HEMMER: You had to drive your wife nuts through this.

JACOBS: Well, yes. As they say, I lost a lot of money with her fines.

HEMMER: You went to a Mensa-like meeting, I understand, at one point.

JACOBS: I did.

HEMMER: What was -- the purpose was to contribute to your book, obviously.

JACOBS: Right.

HEMMER: What did you find out there?

JACOBS: Well, yes, the book is partly the Cliffs notes for the encyclopedia. Partly it's going on these adventures to test my knowledge. So the Mensa convention -- I don't want to reinforce stereotypes here, but there was a lot of talking about "Star Trek." Specifically, why would Jean-Luc Picard, the captain, why would he be bald? Wouldn't they have a cure for baldness in the future?

HEMMER: Good point. Yes, I was thinking that just the other day, A.J. Did you ever -- how many times did you think, you know, this is just awfully boring and I need to get off this project?

JACOBS: Yes, there were quite a few times, especially when I hit the letter S, which was like the Heartbreak Hill of the Boston Marathon, 1,000 pages. So you think you're almost done, and then you hit S.

HEMMER: So you burrowed through essentially and got all the way to Z.

JACOBS: Exactly.

HEMMER: What was the last entry, by the way?

JACOBS: Well, I don't know if I should ruin the ending. But just for you, it's Zywiec, Z-Y-W-I-E-C.

HEMMER: And that is?

JACOBS: Well, it's a town in South Central Poland noted for its good beer. HEMMER: Oh. So you remember it, too.


HEMMER: How often when you were doing this project did you think, man, my curiosity is just firing today...

JACOBS: Well...

HEMMER: ... and you actually found yourself interested?

JACOBS: Yes, there was -- I mean, there were parts, I won't lie, that were not fascinating. Nothing against Portugal, but when I was in Portuguese literature I was like, what am I doing here? But there were so many interesting facts that you never think would be in the encyclopedia. For instance, did you know that philosopher Rene Descartes was obsessed with cross-eyed women?

HEMMER: I did not. Well, see, the things we're learning.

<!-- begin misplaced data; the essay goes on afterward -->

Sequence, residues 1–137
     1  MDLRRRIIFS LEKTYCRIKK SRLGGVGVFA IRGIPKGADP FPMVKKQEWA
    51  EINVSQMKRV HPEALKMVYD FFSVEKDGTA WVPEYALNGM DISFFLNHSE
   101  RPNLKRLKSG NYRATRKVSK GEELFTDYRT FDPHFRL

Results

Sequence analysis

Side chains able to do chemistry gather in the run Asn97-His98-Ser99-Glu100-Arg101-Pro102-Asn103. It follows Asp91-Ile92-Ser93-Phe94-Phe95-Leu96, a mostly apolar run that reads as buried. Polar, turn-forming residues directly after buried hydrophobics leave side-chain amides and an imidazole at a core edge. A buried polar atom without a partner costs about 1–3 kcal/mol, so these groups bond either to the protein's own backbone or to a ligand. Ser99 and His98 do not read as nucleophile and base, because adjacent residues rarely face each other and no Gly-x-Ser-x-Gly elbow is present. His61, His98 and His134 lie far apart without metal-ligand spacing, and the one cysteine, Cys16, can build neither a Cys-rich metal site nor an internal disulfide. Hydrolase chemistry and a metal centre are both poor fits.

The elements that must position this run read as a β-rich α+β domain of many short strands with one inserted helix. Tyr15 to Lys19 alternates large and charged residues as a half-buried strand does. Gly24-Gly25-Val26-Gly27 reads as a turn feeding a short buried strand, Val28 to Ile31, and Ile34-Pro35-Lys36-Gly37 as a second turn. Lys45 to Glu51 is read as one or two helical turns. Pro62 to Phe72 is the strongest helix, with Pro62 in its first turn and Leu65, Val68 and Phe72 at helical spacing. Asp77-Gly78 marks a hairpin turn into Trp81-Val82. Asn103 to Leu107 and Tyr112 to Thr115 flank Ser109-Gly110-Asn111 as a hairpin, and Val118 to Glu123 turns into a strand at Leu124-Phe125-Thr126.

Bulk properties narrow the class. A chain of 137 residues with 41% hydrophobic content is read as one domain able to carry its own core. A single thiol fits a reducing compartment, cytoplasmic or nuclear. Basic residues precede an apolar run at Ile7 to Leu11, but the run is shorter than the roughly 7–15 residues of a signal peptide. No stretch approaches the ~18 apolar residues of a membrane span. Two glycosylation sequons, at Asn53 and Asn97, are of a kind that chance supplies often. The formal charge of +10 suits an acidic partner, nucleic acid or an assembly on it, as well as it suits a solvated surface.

JACOBS: That's right.

HEMMER: And Portuguese poetry?

JACOBS: That was...

HEMMER: Bomgia (ph), nice to see you, A.J.

JACOBS: Nice to see you.

HEMMER: And congratulations on your newborn son as well.

JACOBS: Thank you very much. Oh, thank you.

HEMMER: And give our best to your wife, too...

JACOBS: Absolutely.

HEMMER: ... for putting up with this, OK.

JACOBS: She's a saint.

HEMMER: You're a good sport. Nice to see you.

JACOBS: Thank you.

HEMMER: All right -- Heidi.

COLLINS: And how poignant did the last entry had something to do with a beer. I liked that.

All right, still to come this morning, some coffee lovers are about to get another jolt with their morning java, but it's got nothing to do with caffeine. Andy Serwer is "Minding Your Business" coming up on AMERICAN MORNING.


COLLINS: First oil prices skyrocket, and now Starbucks gets into the act. Andy Serwer is "Minding Your Business" and has an early check on the market as well.


ANDY SERWER, "FORTUNE" MAGAZINE: Very good. Prices are going up all over the place, right, Heidi?


SERWER: Yes, the price of oil is still stuck about $50 this morning. The stock market seems to be absorbing the blow is what I meant to say. Excuse me. Absorbing the blow. You see here the Dow is up 24 points.

One stock moving to the north side is Google, up $3 more to $1.21. The air is getting a little thin up there. And I wouldn't be chasing the stock if I were you, but that's just my opinion. The company coming out, a Wall Street brokerage saying stock could go to $1.45 -- $145, that is, forget it.